Megan Jean Morris set herself apart from the pack when they were dealing with the nude model. While everyone else was being ultra polite with the naked lady she was very much in control, unafraid to give direction so she could get the sketch she wanted.

Likewise, Christian Buckingham made himself known by being the first to assemble his tattoo machine, something he claims to have extensive experience with.

The Twist:

Now that the artists have entered the loft and see their new studio they learn that they will be joined by other artists as well. Each week a previous Ink Master contestant will return. And they will have the power to dictate the standards for the Elimination Tattoo. First up, self-professed “Tattoo God” Saint Marq, master of black-and-gray no outline tattooing.


It’s hard to be humble when you’re this awesome.

Last season Saint Marq was eliminated far too early due to a particularly strategic play by his former apprentice turned Super Mario impersonator Chris Blinston. Looking to set the pace for the new season Saint Marq set the challenge that the elimination tattoo would be done in Black and Gray with no liner, only a shader. This should have been a slam-dunk for him, and yet, this is what he turns in.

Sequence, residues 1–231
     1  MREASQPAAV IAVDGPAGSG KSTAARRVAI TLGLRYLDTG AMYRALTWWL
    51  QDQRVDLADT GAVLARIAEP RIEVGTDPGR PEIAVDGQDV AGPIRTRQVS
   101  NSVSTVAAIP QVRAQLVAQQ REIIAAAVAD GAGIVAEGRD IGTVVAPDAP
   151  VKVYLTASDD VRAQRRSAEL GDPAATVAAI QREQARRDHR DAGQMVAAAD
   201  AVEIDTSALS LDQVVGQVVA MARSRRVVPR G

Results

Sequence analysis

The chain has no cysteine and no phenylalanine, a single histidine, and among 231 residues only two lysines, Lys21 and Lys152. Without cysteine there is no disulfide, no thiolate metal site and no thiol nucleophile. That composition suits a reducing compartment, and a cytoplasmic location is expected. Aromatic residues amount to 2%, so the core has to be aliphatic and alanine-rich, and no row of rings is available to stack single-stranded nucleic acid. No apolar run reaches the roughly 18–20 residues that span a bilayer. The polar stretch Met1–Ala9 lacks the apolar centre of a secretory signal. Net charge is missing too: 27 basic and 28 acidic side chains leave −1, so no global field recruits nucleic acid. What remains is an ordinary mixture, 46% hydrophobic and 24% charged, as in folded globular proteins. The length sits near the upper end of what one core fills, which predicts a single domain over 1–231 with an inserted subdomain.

Saint Marq Ep 1

I have to agree with Ashley Velasquez, it really does look like he (she?) is wearing an umbrella.

The Human Canvas Jury decided this was the worst of the day, but I would not agree with that decision. Definitely bad, but not the absolute worst. It was a close call for him, but fortunately he was edged out by this disaster.

Worst of the Day Ep 1

The only saving grace this tattoo has is that it’s on the skull, so the lady just has to let her hair grow out to hide it.

Tattoo of the Day:

Lust by Megan Jean Morris

Lust by Megan Jean Morris

This is why I expect she is going to go further than anyone except Christian. It was a unanimous decision by the judges as well, so she is definitely going for that $100K paycheck.